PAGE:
For the first time, an unpublished image of the production of dust by the colliding winds of two massive stars, taken with the James Webb Space Telescope, can be observed with great clarity.
Joel Sánchez Bermúdez, a researcher at UNAM's Institute of Astronomy (IA), is the only Mexican participant in this international collaboration, which brings together 32 researchers from 34 institutions in eight countries: the United States, the United Kingdom, Canada, Australia, France, Germany, Japan, and Mexico.
The scientific group is headed by Ryan M. Lau, from the NSF NOIR Lab, located in Tucson, Arizona, and belonging to the National Science Foundation of the United States.
The stars in the Universe have different masses. Some, like the Sun, are relatively small. Those with at least eight times the mass of the Sun are considered massive or high-mass stars, said Sánchez Bermúdez.
"These stars are very important for the chemical evolution of the Universe, because they generate most of the heavy chemical elements that exist, either during their lifetime or through their death in the form of supernova explosions," he said.
The massive ones have a particular characteristic: 90 percent are in multiple or binary systems. This means that at least two stars are orbiting around each other, unlike low-mass stars, such as the Sun, where the proportion of multiple systems is lower.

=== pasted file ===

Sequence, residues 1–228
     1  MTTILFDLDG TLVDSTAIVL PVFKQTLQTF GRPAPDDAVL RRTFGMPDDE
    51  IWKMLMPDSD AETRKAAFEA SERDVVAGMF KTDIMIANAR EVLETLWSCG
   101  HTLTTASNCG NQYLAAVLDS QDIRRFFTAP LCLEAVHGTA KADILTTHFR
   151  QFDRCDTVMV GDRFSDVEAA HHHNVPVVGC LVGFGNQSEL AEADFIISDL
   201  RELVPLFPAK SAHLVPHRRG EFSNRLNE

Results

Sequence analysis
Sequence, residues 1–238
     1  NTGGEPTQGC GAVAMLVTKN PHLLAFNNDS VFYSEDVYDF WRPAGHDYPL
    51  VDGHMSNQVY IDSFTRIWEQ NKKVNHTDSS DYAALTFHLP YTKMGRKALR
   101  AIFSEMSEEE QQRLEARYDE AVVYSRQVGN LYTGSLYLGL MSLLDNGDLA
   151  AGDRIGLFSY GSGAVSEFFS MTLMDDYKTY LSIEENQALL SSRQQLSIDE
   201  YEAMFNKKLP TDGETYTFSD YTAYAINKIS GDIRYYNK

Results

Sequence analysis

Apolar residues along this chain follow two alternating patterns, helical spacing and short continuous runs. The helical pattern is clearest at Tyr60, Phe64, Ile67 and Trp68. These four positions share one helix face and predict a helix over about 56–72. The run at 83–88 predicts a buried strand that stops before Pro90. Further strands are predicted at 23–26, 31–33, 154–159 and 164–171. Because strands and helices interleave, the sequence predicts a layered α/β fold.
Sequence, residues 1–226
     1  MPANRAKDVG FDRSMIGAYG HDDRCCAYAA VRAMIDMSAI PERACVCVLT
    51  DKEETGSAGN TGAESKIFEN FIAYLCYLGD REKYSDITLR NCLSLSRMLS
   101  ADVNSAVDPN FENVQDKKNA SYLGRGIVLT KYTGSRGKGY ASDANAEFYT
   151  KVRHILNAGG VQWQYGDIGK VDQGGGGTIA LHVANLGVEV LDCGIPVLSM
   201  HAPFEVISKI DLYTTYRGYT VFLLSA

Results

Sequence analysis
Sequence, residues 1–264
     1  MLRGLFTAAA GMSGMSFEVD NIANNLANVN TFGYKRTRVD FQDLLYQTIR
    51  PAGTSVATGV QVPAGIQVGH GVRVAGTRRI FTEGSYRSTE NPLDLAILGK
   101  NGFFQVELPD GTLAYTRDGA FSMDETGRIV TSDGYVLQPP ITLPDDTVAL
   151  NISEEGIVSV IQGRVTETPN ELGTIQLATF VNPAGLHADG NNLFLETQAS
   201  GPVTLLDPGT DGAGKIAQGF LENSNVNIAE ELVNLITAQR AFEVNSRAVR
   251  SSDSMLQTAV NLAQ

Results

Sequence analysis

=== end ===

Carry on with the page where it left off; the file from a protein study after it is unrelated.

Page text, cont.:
"Each of the orbiting massive stars has a certain stellar wind, which is gas launched from the outer photosphere of the star. What can happen is that, when a pair of stars are close together along their orbits, the wind from the stars collides with each other. It is precisely in this clash of winds that very interesting phenomena can occur, such as the formation of dust," explained Sánchez Bermúdez.
The article - in which Sánchez Bermúdez is a collaborator - is part of an Early Science program with the James Webb Space Telescope and is published in the journal Nature Astronomy. The observations were obtained in the mid-infrared with the telescope's MIRI camera, which observes radiation between four and 12 microns.
"We're looking at more than a century of dust production in this system," Ryan Lau, NSF NOIR Lab astronomer and lead author of this study, told NASA.
"The study also shows that the dust formed by this type of binary system is composed mainly of nanometer-sized grains of carbon dust," said Sánchez Bermúdez.
The image reaffirms the great observational power of the James Webb Space Telescope. "It also illustrates how sensitive the JWST is. Before these observations, we were only able to see two dust rings using ground-based telescopes. Now we see 17," Ryan Lau added to NASA.
Sánchez Bermúdez commented that the project is the first in a series of studies of several of these interacting binary systems of massive stars. For this, we have used several cameras on the Telescope, in particular MIRI and NIRISS.
James Webb Space Telescope to study the origin of the universe